Plant City, Fla.-based Harvest CROO Robotics has developed a new version of its Harvest CROO — Computerized Robotic Optimized Obtainer — harvester and expects to begin commercial harvesting late this year.
Harvest CROO Robotics developed a picker prototype that identifies, selects and picks only ripe strawberries, leaving unripe berries and plants unharmed, said Gary Wishnatzki, co-founder of Harvest CROO Robotics and president, CEO and owner of Wish Farms in Plant City.
The latest iteration of the harvester — the Berry 5 — has some significant improvements over the B4, including a new chassis, Wishnatzki said.
Although the B5 is a hybrid, most of its motors are electric, and it will run for “quite a long time” on a tank of fuel, he said.
The Berry 5 “is going to be our alpha unit, which is going to be the first revenue-producing harvester come late fall or early winter this year,” Wishnatzki said.
Wishnatzki’s plan is to have a machine harvesting in Florida when the next strawberry season starts late this year.
A second machine will be introduced in Florida and later will be moved to California for harvesting in fall 2020 in Oxnard or Santa Maria.
At first, the harvester will require a couple of workers to hand pack the berries on the machine, but eventually the harvester will be fully autonomous, including the packing function, he said.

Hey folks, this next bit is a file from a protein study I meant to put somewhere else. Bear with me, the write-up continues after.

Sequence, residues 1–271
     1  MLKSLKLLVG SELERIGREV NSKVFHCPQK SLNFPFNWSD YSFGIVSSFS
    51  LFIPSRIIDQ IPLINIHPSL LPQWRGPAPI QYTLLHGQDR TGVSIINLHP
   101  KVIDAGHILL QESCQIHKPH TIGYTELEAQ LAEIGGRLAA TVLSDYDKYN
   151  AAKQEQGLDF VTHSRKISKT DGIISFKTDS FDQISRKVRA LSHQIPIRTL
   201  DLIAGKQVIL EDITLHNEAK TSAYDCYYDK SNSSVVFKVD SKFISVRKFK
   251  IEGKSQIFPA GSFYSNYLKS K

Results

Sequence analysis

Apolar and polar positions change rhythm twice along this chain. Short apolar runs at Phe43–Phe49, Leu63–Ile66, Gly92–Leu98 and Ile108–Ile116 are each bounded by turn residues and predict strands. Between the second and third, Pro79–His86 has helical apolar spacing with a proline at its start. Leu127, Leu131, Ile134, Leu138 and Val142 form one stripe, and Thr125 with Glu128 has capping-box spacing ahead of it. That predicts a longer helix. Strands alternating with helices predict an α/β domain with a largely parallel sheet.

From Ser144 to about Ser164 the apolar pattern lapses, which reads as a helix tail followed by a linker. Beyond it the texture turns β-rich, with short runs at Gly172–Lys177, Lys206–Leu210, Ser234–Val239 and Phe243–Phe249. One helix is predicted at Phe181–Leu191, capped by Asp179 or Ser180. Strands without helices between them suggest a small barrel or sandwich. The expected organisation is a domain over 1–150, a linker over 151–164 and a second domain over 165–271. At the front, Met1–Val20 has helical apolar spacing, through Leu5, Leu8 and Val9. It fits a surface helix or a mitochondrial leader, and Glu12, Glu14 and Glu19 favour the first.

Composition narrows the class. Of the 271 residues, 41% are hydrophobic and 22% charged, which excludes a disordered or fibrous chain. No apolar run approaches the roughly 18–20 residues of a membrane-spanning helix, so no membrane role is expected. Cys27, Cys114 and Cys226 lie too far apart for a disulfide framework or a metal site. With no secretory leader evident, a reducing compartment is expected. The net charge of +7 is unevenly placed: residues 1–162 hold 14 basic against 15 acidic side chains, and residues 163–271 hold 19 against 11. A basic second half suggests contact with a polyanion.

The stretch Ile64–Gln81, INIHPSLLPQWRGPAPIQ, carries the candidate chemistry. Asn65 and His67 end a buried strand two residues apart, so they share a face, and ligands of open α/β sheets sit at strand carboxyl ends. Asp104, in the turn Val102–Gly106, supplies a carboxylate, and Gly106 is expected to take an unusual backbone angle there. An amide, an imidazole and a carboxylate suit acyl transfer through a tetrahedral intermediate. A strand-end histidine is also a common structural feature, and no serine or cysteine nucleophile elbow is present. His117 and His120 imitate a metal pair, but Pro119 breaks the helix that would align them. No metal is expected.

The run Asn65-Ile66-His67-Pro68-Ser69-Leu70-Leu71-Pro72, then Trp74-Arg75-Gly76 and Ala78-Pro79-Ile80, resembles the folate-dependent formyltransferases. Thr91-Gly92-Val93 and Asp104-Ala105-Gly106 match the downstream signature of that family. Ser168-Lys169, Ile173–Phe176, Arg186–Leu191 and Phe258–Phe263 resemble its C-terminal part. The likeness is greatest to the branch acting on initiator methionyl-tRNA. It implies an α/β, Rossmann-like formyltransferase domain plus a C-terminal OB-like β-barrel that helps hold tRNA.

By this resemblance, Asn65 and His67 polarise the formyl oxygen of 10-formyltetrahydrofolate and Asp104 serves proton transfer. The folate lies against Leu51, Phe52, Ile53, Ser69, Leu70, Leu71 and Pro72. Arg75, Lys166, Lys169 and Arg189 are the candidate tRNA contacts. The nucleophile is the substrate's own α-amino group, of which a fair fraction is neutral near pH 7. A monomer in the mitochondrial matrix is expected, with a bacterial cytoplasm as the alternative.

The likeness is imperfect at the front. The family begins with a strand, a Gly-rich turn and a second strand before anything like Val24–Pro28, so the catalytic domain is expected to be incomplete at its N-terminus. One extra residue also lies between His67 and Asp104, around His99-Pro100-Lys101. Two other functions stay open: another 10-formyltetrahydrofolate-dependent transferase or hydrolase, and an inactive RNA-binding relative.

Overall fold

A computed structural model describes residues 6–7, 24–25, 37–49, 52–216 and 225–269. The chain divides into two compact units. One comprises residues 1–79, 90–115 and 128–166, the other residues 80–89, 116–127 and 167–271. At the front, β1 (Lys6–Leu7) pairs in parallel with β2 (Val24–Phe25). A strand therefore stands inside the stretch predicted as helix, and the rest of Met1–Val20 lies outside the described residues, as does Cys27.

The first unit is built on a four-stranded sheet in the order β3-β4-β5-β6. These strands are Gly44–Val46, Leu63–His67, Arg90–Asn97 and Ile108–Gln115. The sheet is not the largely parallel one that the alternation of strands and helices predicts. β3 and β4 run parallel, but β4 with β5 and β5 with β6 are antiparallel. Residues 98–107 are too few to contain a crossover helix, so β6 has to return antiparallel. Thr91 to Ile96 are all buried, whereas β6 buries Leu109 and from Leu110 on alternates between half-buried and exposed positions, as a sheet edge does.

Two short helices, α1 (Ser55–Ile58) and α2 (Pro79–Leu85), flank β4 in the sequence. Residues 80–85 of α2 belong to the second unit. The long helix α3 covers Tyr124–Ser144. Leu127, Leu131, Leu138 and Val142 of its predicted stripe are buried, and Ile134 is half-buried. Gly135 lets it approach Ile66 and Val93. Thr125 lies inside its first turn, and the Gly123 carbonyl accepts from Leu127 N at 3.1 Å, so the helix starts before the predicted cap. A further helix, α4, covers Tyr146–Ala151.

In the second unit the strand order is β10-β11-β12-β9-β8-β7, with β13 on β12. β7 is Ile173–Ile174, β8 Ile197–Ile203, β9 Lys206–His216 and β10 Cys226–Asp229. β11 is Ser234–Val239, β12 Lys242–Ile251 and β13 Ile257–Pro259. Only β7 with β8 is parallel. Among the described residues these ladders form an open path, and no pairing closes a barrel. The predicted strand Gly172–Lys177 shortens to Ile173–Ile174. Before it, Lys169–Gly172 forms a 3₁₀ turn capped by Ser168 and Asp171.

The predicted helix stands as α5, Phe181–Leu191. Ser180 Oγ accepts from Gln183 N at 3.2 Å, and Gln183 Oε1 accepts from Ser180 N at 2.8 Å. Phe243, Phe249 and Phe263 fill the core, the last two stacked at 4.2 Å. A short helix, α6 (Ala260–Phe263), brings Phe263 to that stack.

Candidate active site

And it may not be clamshells that will be packed.
“We’re looking at different packaging with Sonoco (Products Co.) and trying to come up with the best solutions for the future,” he said.
“We don’t want to be too disruptive on the packaging side, but there might be some better answers that we might be introducing for the future.”
Plans call for the company to lease the harvesters to growers and to provide technical support services as needed.
CROO is the only machine that can operate in traditional strawberry beds and does not require growers to radically change how they grow strawberries, Wishnatzki said.
The vehicle will be able to navigate its own way through the field, he said.
“It won’t require a driver.”
It can replace 25-30 workers on a three-day pick cycle of a 25-acre field.
And that’s not all.
“There are a lot of things we’re looking at that could be game changers besides being a replacement for the pickers that are leaving,” he said.
For example, the system will be able to help with crop forecasting and precision ag and help reduce cooling times and energy usage, he said.
Switching from hand harvesting to machine harvesting won’t happen overnight.
“If we were to fully populate the entire Florida and California strawberry industries, it will take about 2,500 machines,” he said.
Just covering the needs of investors in the program would take 1,500 harvesters. It would be “a multi-year roll out,” he said.
By 2021, he expects to prove the machine’s ability to commercially pick in all districts.
He anticipates strong demand from investors and customers and will make the machines “as quickly as we can ramp up,” he said, probably hundreds of units per year.
The company also plans to ramp up its fundraising efforts this year.
“We’ve raised money in several different rounds from our partners in the industry,” Wishnatzki said.
The next round will be “significantly more than what we’ve raised to date.”
The project is supported by 70% of the U.S. strawberry industry, including 11 strawberry companies such as Driscoll’s, Naturipe and California Giant in California and Grime Produce Co. and Wish Farms in Florida, Wishnatzki said.
Sonoco Products Co., a South Carolina packaging firm, also is an investor.